HSIE K-6: Stage 1 Looking after our environment
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HSIE K-6: Stage 1 Looking after our environment
Useful resources for teaching and learning about the environment, focusing on care of resources, including waste disposal.
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Environmental children’s books | Growing Up Greener

Environmental children’s books | Growing Up Greener | HSIE K-6: Stage 1 Looking after our environment | Scoop.it
Environmental and sustainability education for primary and pre-school aged children
Monique Jamgotchian's insight:

Kellie Bollard’s Growing Up Greener site is an excellent resource for educating HSIE Stage 1 students about environmental sustainability and responsibility. Bollard’s three books: Worms: the Mechanics of Organics, In the Bin and Permaculture Gardens; Sow, Grow, Care, Share are suitable textual introductions to the themes outlined in the HSIE syllabus for Stage 1 Environments, in which students will learn about caring for resources, including waste disposal. All three books work to engage a Stage 1 audience though rhyming narratives. In the Bin asks:

Where does is all go? Where does it end up?
When it goes from the bin, into the back of the truck.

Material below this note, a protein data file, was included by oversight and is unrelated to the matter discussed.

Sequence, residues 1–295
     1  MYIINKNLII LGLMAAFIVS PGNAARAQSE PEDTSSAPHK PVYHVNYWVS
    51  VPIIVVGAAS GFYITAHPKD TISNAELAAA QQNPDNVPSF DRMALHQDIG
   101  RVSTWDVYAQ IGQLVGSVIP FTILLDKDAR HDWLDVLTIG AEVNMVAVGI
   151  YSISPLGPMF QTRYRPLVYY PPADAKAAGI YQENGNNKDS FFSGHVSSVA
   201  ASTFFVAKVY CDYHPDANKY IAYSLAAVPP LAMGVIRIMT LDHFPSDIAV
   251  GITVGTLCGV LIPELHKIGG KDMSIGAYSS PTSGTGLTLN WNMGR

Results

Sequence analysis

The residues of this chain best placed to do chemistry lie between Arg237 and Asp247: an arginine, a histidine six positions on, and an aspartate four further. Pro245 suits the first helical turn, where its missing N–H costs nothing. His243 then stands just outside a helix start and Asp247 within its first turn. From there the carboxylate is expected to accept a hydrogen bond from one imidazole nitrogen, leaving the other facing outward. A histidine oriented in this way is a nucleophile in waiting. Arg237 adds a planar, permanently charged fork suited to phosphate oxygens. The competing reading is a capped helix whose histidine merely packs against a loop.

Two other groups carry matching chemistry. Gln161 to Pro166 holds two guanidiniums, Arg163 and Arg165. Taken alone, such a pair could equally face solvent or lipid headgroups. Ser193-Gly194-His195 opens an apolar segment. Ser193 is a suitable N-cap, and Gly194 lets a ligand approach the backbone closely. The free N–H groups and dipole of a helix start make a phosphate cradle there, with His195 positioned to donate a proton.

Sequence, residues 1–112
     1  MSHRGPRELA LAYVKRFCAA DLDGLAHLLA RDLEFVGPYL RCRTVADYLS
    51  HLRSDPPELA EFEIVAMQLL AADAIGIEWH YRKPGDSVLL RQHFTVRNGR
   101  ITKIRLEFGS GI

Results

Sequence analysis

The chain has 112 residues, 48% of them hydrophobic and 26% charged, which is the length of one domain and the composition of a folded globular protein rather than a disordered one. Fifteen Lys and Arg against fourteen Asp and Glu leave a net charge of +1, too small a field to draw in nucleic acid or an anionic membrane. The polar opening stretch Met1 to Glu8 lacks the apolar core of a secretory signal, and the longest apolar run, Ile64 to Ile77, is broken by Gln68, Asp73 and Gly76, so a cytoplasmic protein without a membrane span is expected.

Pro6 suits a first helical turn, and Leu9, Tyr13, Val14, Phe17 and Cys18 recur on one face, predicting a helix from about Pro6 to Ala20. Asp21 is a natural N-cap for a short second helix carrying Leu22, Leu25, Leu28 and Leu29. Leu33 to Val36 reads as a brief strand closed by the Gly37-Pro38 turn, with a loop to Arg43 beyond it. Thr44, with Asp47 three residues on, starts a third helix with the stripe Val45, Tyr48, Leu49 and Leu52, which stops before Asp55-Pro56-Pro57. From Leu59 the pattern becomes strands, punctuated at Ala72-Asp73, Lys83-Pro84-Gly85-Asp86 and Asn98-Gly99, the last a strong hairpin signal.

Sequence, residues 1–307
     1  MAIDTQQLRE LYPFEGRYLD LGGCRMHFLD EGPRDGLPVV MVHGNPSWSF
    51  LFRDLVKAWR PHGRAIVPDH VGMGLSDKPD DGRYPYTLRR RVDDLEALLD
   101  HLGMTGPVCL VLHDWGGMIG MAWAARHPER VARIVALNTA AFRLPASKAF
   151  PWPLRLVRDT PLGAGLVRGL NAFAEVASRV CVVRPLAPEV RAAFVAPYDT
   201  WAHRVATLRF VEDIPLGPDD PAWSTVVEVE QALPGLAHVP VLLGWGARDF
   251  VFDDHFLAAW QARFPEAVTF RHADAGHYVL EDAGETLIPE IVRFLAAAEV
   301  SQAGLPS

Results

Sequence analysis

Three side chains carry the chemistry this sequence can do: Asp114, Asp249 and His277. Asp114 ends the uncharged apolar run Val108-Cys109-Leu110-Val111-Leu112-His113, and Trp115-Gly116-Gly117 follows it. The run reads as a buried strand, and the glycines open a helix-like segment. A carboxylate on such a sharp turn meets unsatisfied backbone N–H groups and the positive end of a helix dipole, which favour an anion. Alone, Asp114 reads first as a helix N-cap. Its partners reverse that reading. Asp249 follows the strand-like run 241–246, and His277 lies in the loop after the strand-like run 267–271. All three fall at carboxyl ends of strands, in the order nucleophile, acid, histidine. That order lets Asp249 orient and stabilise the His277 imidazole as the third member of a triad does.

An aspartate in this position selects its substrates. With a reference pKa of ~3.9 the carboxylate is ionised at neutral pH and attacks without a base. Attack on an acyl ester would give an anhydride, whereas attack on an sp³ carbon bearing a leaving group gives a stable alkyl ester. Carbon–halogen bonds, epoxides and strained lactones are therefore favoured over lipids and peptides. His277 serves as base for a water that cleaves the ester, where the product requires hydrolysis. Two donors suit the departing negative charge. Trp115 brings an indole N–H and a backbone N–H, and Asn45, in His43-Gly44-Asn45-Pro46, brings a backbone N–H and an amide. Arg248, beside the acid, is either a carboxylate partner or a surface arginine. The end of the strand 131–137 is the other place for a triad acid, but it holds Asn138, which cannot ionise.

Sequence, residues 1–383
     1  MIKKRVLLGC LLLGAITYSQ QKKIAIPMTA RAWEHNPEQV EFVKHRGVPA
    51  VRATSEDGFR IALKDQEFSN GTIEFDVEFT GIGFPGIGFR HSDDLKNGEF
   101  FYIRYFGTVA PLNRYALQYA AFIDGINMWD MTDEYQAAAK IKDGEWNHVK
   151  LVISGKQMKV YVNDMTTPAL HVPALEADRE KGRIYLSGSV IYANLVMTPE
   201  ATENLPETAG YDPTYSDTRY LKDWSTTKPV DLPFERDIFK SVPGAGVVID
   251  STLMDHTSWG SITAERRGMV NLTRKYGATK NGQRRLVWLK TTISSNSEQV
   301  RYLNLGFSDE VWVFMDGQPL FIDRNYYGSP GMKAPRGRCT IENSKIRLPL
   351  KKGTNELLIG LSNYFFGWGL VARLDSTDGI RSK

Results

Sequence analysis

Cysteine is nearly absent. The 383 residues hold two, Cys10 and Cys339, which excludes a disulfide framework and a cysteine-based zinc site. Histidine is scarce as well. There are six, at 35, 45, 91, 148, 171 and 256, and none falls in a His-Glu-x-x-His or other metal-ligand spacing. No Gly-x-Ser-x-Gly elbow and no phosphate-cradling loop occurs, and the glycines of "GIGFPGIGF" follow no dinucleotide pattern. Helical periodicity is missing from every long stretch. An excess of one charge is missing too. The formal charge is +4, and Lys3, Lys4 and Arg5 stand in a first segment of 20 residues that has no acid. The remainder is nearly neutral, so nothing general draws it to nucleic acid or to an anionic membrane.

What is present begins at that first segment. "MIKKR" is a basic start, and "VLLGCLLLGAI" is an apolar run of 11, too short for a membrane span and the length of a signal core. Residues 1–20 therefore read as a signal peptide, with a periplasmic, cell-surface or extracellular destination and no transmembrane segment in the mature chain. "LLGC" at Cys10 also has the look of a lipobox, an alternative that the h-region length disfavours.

Bollard’s books are a great way to introduce important environmental themes through content relatable to students experiences. By posing such questions about where waste goes, students are lead to consider their personal responsibility in reducing waste through recycling. After reading In the Bin, a teacher could direct students to investigate their own school recycling practices, and consider the ways in which they could be improved. Activities such as identifying recycling signs or matching the correct recycling bin lid colour to a rubbish item are some ways teachers could improve students’ recycling knowledge. Worms: the Mechanics of Organics and Permaculture Gardens; Sow, Grow, Care, Share are the perfect introduction to starting a school garden project, in which students can gain a hands-on approach to caring for the environment, and contribute to the minimisation of waste through composting and worm farming. 

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Tamyka Mills's curator insight, June 6, 2014 3:03 AM